There are many pastors these days preaching and teaching on 1 Peter. Peter calls on Christians to be blameless, to follow all laws that do not put them in conflict with their God, to be hospitable and charitable, etc. I have been thinking about 1 Peter after reading this post. Black families, through no fault of their own, are often stopped by police on suspicion. Black families have to try even harder to be law abiding citizens in a world that suspects them of being criminals in some way. The anomaly of the two parent, stable black family in America provides a striking counter to what so much of society sees in the black community these days. The Christian mindset needs to be like this family — stand out by being what is unexpected in a society made of stereotypes, caricatures, and contrasts. Christians are now so often accused of hate, they need to show their compassion and their humility.

And they, like the black pastor pulled over and harassed by the police because a white woman was in the car with him (his wife), Christians need to remember Peter’s words:

19 For this is a gracious thing, when, mindful of God, one endures sorrows while suffering unjustly. 20 For what credit is it if, when you sin and are beaten for it, you endure? But if when you do good and suffer for it you endure, this is a gracious thing in the sight of God. 21 For to this you have been called, because Christ also suffered for you, leaving you an example, so that you might follow in his steps. 22 He committed no sin, neither was deceit found in his mouth. 23 When he was reviled, he did not revile in return; when he suffered, he did not threaten, but continued entrusting himself to him who judges justly. 24 He himself bore our sins in his body on the tree, that we might die to sin and live to righteousness. By his wounds you have been healed.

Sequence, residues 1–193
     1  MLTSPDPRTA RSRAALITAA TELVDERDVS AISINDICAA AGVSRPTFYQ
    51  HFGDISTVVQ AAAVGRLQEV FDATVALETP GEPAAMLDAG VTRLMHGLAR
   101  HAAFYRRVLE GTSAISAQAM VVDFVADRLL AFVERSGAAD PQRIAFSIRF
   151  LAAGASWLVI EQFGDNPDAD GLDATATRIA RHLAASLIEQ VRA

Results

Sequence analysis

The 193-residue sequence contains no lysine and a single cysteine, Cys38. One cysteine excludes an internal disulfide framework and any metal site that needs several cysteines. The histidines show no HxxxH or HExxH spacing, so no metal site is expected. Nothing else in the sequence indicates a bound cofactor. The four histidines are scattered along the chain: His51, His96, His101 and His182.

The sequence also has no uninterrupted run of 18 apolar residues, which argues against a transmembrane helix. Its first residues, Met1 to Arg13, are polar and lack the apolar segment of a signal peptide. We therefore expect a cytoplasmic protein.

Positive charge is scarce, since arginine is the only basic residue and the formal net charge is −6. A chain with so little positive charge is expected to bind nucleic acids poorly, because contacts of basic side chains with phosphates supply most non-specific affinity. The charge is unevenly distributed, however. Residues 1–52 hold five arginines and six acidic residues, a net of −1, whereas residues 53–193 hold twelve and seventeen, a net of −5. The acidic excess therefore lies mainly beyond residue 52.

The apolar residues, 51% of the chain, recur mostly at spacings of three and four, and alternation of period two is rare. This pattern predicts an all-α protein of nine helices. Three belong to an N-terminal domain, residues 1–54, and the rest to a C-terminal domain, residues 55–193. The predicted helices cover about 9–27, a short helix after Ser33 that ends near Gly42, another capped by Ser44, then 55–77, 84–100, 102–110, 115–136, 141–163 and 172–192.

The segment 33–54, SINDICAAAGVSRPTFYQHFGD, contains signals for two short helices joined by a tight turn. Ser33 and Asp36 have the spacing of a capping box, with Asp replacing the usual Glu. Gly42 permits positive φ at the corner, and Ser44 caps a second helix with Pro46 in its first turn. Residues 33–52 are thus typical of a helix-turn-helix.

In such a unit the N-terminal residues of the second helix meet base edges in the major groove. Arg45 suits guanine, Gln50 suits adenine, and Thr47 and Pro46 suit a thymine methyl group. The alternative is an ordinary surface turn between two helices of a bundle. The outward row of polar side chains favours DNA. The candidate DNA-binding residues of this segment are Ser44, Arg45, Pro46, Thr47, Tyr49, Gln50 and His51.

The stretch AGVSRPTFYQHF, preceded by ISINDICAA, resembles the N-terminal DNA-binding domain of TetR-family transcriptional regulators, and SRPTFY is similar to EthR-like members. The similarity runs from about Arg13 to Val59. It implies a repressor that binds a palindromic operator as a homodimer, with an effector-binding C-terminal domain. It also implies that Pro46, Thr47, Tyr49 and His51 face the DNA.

1 Peter 2:19-24 (ESV)

Frankly, it is the weirdness of Christianity that should make it stand out. As those who prided themselves on being counter-cultural are now the culture, Christians need to embrace the counter-culturalism of their faith. They need to be the people who don’t speed, or text while driving, or commit adultery, or behave in business without a sense of neighborliness, etc. “Everybody does it” should be a big red flag to Christians that they should not do it.

We are going to be accused of a lot. Some of it will be deserved. But much of it will have to stand against the weight of Christian character and ethic and, frankly, through our behavior we undermine attacks on our faith by the hysteria against us. People of faith should stop their temptation to withdraw from society, but instead should be that family everyone stares out because them seem so weird: a two-parent heterosexual nuclear household of well behaved children who pray in the restaurant before their meal, whose children make good grades and mind their manners, and whose parents are the people you’d want watching over your house when you go on vacation.

In short, in a crazier and crazier society, Christians need to show “The Way” is not just the only path to salvation, but is the stable and steady in a topsy-turvy world. Our politics should reflect that too. Stand and fight on principles of religious freedom. But be of gentle temperament and a kind heart even to those who wish to ruin you. We will be accused often of hypocrisy. We will often fall short. But we should strive to be set apart from the present culture.

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Erick Erickson